Substance Use and Vulnerability to Sexual and Physical Aggression

A Longitudinal Study of Young Adults

Published in: Violence and Victims, v. 19, no. 5, Oct. 2004, p. 521-540

Posted on RAND.org on January 01, 2004

by Steven Martino, Rebecca L. Collins, Phyllis L. Ellickson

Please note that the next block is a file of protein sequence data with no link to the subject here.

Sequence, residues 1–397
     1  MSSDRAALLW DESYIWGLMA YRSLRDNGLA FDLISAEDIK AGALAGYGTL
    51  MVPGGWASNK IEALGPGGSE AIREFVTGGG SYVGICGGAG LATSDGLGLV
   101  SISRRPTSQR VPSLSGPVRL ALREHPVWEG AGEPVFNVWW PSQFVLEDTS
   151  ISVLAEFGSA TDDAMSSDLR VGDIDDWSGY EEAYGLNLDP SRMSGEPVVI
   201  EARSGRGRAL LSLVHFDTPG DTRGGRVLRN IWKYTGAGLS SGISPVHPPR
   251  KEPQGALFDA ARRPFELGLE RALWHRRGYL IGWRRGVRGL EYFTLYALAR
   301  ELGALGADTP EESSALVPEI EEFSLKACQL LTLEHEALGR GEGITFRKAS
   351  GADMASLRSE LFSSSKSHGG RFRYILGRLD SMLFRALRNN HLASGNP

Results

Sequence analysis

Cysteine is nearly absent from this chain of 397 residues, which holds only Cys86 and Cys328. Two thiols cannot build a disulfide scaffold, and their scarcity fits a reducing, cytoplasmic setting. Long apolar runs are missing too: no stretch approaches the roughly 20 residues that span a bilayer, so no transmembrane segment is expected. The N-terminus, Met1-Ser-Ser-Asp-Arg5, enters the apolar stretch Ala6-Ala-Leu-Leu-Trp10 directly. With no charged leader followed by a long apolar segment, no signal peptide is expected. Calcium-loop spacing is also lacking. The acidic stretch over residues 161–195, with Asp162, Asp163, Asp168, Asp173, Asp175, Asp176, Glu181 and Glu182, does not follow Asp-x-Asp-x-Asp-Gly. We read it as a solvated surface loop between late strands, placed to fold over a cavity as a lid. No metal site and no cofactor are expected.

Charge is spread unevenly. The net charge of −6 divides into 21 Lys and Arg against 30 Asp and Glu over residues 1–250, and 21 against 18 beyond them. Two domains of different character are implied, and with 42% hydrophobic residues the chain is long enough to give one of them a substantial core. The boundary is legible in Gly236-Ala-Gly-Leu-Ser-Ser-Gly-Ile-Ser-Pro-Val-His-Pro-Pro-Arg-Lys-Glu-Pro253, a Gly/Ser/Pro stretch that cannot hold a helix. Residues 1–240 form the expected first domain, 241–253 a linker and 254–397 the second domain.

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Using data from 2,170 individuals who participated in Waves 8 (age 23) and 9 (age 29) of a multiyear panel study, this study examined whether alcohol and marijuana use in young adulthood increase one's risk for experiencing subsequent sexual or physical assault victimization, whether victim's own violent behavior or involvement in the sale of drugs explain any effects of substance use on victimization, and whether these associations differ by gender. Controlling for prior victimization, the authors found that marijuana use, but not alcohol use, predicted women's and men's subsequent sexual victimization and men's subsequent physical assault victimization, and that heavy alcohol use, but not marijuana use, predicted women's subsequent physical assault victimization. Whereas the links from marijuana use to victimization were explained by users' own violent behavior, the link from alcohol use to women's physical assault victimization was not.

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